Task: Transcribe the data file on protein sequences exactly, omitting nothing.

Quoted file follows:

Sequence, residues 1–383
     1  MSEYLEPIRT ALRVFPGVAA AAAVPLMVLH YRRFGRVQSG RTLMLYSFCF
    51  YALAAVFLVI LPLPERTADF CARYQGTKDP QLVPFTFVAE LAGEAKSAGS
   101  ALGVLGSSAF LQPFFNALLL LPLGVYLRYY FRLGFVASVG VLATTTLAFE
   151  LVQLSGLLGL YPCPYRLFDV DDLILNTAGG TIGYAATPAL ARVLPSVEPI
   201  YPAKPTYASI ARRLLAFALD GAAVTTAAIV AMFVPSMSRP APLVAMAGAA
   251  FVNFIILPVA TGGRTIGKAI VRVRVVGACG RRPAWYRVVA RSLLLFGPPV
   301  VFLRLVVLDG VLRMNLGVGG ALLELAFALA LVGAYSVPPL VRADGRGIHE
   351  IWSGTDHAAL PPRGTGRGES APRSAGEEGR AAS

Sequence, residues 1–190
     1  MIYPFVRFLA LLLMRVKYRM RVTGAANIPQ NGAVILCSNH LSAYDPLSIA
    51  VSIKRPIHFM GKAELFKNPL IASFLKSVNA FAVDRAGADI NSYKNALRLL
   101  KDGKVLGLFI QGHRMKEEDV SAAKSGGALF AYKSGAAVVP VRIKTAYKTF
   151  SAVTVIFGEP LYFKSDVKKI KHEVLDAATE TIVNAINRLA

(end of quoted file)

Sequence, residues 1–383
     1  MSEYLEPIRT ALRVFPGVAA AAAVPLMVLH YRRFGRVQSG RTLMLYSFCF
    51  YALAAVFLVI LPLPERTADF CARYQGTKDP QLVPFTFVAE LAGEAKSAGS
   101  ALGVLGSSAF LQPFFNALLL LPLGVYLRYY FRLGFVASVG VLATTTLAFE
   151  LVQLSGLLGL YPCPYRLFDV DDLILNTAGG TIGYAATPAL ARVLPSVEPI
   201  YPAKPTYASI ARRLLAFALD GAAVTTAAIV AMFVPSMSRP APLVAMAGAA
   251  FVNFIILPVA TGGRTIGKAI VRVRVVGACG RRPAWYRVVA RSLLLFGPPV
   301  VFLRLVVLDG VLRMNLGVGG ALLELAFALA LVGAYSVPPL VRADGRGIHE
   351  IWSGTDHAAL PPRGTGRGES APRSAGEEGR AAS

Sequence, residues 1–190
     1  MIYPFVRFLA LLLMRVKYRM RVTGAANIPQ NGAVILCSNH LSAYDPLSIA
    51  VSIKRPIHFM GKAELFKNPL IASFLKSVNA FAVDRAGADI NSYKNALRLL
   101  KDGKVLGLFI QGHRMKEEDV SAAKSGGALF AYKSGAAVVP VRIKTAYKTF
   151  SAVTVIFGEP LYFKSDVKKI KHEVLDAATE TIVNAINRLA